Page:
The Oscars: A necrospective

And so here we are, ingesting our yearly prescription of celebrity pornography, care of a morally questionable doctor with an attractive smile and soothing voice timber, streamlined for easy consumption by having been boiled down to a two-hour brainless extravaganza of shiny dresses, shiny skin, shiny teeth, shiny jewelry and shiny lives — an emulsified Pabulum hosted by the Good Doctor himself, Ryan Seacrest, a smiling nitwit of the highest order, successful only for being able to turn even the dullest celebrity PR bullshit into the slickest ear-warming babble, designed at its soul to cover the brain in a somastatic, intellectually-limiting poison goo that hardens instantly on contact.

And then, finally, we’re ready for the show: the longest public collective group ego wank on the Planet, designed not so much to get off on art, but the idea of art as an abstracted something, as a means, rather than an end. Rather, that is, than a substantive anything. Art that is often so meaningless, that is so much sign and so little signifier that poor old Walter Benjamin himself would likely quite happily bleed from the ears rather than even have to consider such a sad state of replicated affairs. Just a copy of a copy of a copy on into infinity, xeroxed forever in an endless nothingness of Hollywood atavism and bad, stale ideas regurgitated over and over again to young audiences as something new, and marketed equally ham-fistedly to their parents as some kind of bizarre exercise of socially constructed faux nostalgia. Just a one-note song with nowhere to go except louder, for ever and ever.

Here I am. It’s Sunday night and the Oscars shout their glitzy existence from the tinny speakers of my television. Live from Los Angeles, but it might as well be live from the End of the World, for how fucked we all are because of it.

My right arm drops listlessly off the side of the couch and directly into an open jar of Cheez Whiz that I’ve kept especially for the occasion. The more vacuous consumer paste I can fill my body with physically, the less I figure I’ll notice when my brain becomes stuffed with the vapid visual tripe I’m set to consume in the immediate future.

I am plugged into the virtual reality until the end. With any luck when I’m found by a neighbour in a week as a bloated corpse still connected directly into the mainframe of the culture industry my dead lifeless body won’t look too grey. Overdose, the coroner will note, as the orchestra swells.

I suddenly remember something about postmodernist theory – something about how the only subjects that are genuinely worth being photographed are those that are somehow violated by the process, those that are taken by surprise, exposed despite themselves, those that should never have been represented because “they have neither self-image nor self-consciousness.” Well, so much for all of that.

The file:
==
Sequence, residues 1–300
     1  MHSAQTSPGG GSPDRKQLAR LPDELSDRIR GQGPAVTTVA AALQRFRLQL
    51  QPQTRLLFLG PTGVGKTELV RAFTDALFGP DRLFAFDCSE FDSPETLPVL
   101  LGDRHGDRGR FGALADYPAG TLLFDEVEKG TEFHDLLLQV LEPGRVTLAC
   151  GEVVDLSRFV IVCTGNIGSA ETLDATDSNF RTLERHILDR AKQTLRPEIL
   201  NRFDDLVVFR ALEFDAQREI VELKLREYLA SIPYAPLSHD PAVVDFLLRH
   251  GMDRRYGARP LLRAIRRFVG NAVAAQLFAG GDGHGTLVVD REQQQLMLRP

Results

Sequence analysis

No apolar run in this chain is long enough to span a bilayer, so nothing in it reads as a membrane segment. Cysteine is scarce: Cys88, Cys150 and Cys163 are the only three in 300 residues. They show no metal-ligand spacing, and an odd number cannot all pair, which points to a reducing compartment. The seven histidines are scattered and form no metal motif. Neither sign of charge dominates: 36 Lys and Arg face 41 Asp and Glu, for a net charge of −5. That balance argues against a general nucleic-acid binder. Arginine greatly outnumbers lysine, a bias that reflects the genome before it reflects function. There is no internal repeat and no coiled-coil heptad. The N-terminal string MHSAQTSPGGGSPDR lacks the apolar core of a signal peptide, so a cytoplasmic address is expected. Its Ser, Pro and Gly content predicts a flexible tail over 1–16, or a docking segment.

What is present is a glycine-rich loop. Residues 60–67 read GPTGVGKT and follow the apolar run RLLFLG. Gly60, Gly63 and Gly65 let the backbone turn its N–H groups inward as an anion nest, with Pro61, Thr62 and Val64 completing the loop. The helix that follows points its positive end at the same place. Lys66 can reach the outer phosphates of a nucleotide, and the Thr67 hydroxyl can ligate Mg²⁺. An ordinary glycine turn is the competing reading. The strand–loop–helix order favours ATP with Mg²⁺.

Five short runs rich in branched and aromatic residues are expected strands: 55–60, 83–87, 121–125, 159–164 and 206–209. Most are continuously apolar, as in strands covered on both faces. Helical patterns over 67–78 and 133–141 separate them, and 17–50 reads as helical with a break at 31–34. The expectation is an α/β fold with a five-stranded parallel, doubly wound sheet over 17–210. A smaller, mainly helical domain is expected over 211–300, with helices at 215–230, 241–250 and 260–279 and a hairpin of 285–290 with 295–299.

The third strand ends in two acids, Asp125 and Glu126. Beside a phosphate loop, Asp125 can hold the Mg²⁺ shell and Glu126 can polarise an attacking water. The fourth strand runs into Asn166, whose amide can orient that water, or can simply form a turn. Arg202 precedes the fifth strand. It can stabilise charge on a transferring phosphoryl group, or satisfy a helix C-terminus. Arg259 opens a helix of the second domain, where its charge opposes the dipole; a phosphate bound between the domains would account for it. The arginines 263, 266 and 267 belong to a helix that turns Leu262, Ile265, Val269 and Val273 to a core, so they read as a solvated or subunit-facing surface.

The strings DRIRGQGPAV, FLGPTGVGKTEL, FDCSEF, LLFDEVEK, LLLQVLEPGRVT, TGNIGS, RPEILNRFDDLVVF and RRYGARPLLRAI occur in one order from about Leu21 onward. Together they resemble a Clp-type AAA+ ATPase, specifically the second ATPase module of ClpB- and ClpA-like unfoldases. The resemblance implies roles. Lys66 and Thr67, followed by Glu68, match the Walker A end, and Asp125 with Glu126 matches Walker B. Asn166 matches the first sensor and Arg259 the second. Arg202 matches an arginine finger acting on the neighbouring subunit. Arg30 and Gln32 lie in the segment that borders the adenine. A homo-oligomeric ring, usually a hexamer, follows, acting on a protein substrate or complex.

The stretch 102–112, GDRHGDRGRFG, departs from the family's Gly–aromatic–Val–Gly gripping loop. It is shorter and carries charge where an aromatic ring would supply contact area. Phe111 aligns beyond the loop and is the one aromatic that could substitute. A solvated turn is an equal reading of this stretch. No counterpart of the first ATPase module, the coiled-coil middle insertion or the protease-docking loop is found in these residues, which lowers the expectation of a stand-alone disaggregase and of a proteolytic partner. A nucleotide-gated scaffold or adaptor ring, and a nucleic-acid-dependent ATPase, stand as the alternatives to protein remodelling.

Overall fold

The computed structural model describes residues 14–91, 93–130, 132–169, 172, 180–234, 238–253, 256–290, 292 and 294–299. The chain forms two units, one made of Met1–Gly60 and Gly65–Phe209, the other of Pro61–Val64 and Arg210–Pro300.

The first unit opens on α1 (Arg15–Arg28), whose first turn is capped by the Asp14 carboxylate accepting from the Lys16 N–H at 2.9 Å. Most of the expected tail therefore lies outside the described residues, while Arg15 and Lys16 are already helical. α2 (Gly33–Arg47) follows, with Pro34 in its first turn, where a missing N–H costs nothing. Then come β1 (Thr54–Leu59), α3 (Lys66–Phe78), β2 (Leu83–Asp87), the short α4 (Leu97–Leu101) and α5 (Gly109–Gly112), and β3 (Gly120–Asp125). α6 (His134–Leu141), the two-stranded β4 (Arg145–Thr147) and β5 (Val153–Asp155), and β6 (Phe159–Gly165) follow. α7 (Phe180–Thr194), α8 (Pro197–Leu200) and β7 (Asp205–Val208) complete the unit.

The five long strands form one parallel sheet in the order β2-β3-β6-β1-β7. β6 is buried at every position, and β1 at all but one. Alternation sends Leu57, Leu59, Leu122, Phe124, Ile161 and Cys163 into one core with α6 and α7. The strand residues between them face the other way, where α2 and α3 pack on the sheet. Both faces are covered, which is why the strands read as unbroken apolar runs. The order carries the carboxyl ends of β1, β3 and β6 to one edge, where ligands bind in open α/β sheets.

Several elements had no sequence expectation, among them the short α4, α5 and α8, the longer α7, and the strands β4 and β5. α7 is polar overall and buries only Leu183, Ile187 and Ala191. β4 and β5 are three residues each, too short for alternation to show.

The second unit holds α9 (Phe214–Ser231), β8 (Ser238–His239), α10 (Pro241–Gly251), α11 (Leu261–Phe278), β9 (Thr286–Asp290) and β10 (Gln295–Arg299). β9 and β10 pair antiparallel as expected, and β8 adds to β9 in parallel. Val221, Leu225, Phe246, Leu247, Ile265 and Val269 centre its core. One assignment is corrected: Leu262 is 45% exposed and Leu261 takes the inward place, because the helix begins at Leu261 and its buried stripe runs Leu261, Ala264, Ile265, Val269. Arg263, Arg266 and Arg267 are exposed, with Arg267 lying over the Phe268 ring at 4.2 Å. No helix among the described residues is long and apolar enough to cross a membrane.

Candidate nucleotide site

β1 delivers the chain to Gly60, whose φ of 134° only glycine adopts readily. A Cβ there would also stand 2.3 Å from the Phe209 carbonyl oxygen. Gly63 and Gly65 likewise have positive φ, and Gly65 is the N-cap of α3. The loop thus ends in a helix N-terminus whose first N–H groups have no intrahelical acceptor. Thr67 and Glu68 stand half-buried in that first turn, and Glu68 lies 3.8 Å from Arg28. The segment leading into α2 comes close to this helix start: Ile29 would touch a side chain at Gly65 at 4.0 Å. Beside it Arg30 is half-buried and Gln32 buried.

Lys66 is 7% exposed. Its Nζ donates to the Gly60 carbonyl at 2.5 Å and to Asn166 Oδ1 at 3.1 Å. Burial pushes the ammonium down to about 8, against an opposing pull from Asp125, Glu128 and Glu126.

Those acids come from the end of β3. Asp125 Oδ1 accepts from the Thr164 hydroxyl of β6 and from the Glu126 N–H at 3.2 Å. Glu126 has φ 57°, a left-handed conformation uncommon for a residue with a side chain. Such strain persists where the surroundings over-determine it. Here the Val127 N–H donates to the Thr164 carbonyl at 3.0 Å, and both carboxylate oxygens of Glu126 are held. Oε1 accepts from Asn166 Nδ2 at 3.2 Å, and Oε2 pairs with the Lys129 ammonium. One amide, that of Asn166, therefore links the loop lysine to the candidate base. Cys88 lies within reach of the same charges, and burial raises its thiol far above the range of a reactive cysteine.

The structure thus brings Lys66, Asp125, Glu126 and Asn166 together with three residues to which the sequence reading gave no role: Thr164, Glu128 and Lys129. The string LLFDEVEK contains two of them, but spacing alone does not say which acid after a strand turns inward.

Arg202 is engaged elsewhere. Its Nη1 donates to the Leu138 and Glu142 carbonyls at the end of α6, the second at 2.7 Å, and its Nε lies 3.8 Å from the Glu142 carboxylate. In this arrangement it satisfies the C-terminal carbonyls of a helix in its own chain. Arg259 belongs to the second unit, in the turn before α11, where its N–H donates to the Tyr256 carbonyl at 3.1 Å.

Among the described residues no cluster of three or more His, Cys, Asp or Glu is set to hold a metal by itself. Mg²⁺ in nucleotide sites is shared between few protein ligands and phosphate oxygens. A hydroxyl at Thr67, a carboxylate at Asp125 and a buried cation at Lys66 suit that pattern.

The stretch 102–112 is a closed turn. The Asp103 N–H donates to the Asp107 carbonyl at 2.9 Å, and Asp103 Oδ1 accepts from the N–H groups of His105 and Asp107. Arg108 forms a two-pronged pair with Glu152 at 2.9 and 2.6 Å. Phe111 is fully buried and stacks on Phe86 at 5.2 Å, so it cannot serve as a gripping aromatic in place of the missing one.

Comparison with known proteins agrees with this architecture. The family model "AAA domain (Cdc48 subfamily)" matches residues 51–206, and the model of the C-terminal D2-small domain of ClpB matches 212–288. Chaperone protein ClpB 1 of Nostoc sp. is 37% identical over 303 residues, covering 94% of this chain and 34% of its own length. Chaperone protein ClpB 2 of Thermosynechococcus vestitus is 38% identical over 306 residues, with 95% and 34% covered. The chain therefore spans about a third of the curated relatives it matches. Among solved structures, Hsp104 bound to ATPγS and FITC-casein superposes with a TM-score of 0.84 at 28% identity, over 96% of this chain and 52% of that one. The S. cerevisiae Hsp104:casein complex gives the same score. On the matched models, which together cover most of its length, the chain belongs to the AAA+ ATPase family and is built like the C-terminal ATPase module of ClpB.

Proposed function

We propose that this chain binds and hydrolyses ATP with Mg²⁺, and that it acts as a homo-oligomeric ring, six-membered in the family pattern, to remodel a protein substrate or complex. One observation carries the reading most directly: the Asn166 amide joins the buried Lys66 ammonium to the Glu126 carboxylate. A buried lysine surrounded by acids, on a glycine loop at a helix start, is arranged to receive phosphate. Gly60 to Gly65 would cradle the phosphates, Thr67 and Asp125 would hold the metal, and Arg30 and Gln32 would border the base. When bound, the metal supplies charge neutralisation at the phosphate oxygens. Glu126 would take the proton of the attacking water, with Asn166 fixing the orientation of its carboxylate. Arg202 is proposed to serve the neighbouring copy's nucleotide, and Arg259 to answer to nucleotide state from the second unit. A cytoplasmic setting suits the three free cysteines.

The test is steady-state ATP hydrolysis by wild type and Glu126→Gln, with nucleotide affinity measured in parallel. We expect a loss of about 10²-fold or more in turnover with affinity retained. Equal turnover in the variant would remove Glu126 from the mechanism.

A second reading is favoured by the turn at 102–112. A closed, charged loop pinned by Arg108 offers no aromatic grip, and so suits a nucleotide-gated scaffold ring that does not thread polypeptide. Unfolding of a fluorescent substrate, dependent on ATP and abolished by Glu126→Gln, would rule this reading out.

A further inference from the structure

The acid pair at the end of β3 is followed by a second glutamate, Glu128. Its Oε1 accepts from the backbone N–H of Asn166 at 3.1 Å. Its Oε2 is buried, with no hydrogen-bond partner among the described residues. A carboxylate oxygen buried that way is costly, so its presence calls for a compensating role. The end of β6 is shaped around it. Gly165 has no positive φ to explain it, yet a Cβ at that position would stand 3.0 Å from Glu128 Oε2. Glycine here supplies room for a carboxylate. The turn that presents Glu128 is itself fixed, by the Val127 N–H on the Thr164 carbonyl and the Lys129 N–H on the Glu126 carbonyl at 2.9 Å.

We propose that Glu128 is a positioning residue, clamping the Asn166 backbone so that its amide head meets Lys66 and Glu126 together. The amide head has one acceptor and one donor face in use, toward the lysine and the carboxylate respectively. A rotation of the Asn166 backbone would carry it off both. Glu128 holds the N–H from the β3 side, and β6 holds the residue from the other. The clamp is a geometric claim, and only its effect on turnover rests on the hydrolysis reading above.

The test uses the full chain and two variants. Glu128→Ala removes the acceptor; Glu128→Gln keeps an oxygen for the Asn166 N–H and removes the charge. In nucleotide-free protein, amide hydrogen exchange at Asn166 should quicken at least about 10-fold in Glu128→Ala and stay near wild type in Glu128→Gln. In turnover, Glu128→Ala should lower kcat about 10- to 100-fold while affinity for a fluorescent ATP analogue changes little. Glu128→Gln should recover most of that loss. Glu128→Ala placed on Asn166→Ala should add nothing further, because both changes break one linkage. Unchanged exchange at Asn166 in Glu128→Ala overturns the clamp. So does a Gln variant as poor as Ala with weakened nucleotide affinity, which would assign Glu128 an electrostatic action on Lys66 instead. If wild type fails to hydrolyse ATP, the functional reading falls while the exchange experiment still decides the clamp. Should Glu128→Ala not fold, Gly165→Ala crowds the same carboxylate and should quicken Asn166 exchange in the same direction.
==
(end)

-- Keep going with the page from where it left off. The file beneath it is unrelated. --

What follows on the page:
Because here I am, Your Average North American, staring listlessly at a shining frame extolling the virtues of the most corrosive industry this side of Wall Street — the same industry that has lied to me for every minute of my life, ensuring that not only are the preconceived notions that I developed about love and success were so skewed as to be effectively considered devoid of all rationality, but that has also successfully promoted the perception of the physical other in order to commodify even the very skin that is now soaking happily in a jar of industrial grease.

Rather than marvel at the insane cosmic luck and beauty of the fact that I’m even alive at all, the fact that I’m human is now a problem to be solved with material goods. Pile after pile of clothing and creams designed by whole teams of scientists specifically for my consumption are sitting, waiting for me somewhere beyond my apartment wall and on full display at any moment in front of my face. I watch the parade of hairless alien humanoid chameleon robots primed by a team of experts and think of how I am stuck with but one version of myself. They are me as I want to be, apparently. They are anyone.

The first Monday after the Oscars is without a doubt the most perpetually depressing day in the existence of Western civilization, because each one of us — each stupid one of us — sits helplessly trapped in such a boring mediocre existence that seems suddenly in very sharp contrast to the world into which we’ve just finished staring for hours the night before, that it’s all we can do to keep from blowing our brains out for no other reason than to get our name in the paper. Or, at least, a pretty decent funeral soundtrack.

But for now, it’s just shit. Our commute seems suddenly devoid of an emergency break turn into on-coming traffic. Our breakfast cereal lacks the distinct crispy crunch of family strife, our light switch flicks with so much less audible and metaphoric authority, and we noticeably lack a theme song for weighty decisions as we shuffle around in a dimly lit cubicle. We are the grey background colour of the world outside the Oscars. Ours is the world of hopeful extras stuck endlessly in a boring, perpetually unmarketable script of the everyday.

Tomorrow might be bad, I think.

So, thank God for fake tits and botox and viagra and Percocet and codeine and hydromorphone. But most of all, thank God for actors.

Enhanced by Zemanta